mwh wrote:An interesting and controversial question is whether the continuation (3-4) goes
"and without it(him) not a single thing came into being. What has come into being in it(him) was life" (with punctuation after ουδε ἕν)
mwh wrote:But it's ἐν αὐτω̨̃ not just αὐτω̨̃. "in" or "within"
mwh wrote:I'm sorry, I misjudged your level of knowledge. But I don't see any reason to think that this en autw is any kind of semiticism.
I don't quite understand your point about autw having to be dative of agent because gegonen is perfect. The particular tense used shouldn't make any difference; and dative of agent with any form of gignomai (active not passive in meaning) would be unusual.
I take it that with the alternative punctuation you'd accept "in."
and en autw in the next verse can only mean "in him."
At Mt.9.34, casting out devils "in" Beelzebul (or whoever) is rather specialized usage, Hebrew and/or aramaic I expect but also Greek.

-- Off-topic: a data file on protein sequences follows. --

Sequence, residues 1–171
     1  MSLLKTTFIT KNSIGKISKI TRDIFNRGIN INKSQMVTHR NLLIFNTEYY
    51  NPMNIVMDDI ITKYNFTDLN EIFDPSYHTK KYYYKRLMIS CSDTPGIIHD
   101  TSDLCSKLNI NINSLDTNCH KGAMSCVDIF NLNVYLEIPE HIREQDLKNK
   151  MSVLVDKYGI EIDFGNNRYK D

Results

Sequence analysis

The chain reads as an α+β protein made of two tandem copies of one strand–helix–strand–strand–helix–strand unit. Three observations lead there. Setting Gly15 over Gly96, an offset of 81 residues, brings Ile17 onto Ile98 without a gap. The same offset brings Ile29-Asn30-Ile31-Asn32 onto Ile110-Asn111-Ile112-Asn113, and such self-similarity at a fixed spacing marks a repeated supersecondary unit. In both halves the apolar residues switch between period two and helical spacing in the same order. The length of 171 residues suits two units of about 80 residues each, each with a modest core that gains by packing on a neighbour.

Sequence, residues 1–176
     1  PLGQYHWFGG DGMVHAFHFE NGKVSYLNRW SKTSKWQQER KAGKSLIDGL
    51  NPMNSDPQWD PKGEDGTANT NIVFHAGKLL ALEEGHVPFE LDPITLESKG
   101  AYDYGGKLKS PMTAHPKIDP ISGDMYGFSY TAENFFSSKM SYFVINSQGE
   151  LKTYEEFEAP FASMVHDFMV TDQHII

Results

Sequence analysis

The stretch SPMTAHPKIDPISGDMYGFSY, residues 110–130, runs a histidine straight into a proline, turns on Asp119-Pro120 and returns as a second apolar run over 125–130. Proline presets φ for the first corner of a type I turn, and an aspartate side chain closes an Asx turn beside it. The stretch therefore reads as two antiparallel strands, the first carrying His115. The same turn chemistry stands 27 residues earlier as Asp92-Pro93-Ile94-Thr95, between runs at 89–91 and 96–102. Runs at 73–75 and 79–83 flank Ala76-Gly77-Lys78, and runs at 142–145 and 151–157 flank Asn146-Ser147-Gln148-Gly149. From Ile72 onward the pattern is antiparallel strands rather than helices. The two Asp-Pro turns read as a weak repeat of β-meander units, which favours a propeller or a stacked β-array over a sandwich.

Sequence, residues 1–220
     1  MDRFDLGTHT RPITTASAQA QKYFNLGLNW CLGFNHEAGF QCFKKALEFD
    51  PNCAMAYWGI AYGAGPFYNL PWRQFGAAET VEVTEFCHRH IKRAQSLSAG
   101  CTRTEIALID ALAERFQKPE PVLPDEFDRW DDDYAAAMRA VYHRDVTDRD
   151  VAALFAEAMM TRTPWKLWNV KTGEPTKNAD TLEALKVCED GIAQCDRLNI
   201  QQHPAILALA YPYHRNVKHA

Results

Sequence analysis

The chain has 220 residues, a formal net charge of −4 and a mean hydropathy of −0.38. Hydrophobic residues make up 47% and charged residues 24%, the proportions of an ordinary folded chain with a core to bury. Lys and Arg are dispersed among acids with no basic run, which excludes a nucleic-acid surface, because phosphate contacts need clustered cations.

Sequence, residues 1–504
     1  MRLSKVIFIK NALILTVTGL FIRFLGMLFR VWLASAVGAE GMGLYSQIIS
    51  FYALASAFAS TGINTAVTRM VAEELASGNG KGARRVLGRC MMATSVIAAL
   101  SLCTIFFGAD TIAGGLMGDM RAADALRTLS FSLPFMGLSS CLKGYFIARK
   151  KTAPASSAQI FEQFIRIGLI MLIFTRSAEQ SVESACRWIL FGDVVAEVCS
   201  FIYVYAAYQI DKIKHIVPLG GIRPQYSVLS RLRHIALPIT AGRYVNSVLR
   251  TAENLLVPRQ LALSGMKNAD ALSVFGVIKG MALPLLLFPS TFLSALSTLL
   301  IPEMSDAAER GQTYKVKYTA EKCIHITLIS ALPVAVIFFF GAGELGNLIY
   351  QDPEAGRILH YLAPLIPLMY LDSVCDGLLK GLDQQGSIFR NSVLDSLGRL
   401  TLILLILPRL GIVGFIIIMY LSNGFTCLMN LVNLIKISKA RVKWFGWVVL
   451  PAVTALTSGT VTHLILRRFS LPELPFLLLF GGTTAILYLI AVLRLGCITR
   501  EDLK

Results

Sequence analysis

In any case, I think en autw in John's prologue has to be taken at face value, and not as dat. of agent.
Vladimir wrote:The preposition ἐν is often used in this way in the New Testament, just compare its use with such hebrew constructions as "bemelek" (by a king) etc. See also the Manual Greek Lexicon of the New Testament by Abbott-Smith.
jaihare wrote:Where do you find "bemelekh" (במלך - ἐν τῷ βασιλεῖ) in the text in the sense given here (ὃ γέγονεν ἐν αὐτῷ...)?
Vladimir wrote:jaihare wrote:Where do you find "bemelekh" (במלך - ἐν τῷ βασιλεῖ) in the text in the sense given here (ὃ γέγονεν ἐν αὐτῷ...)?
I haven't ever searched it in the text of the OT, it was just an example from Hebrew grammar.
mwh wrote:I should have known better than to answer an NT question
jbradchevy wrote:1) Curious about the use of προς in John 1:1 and John 1:2. Why not συν? Doesn't συν have more to do with togetherness?
jaihare wrote:Vladimir wrote:An example of what, though?
Vladimir wrote:jaihare wrote:An example of what, though?
An example of instrumentative use of the preposition ב from the Introduction to Biblical Hebrew by Thomas Lambdin. Do you think he is wrong?
Moreover, I have already referred to the Manual Greek Lexicon of the New Testament by Abbott-Smith (this example is not in that book, but according to it such constructions as one in Col. 1, 16 are semitisms). If I find a Hebrew Old Testament with search, I will look for an example from the text.
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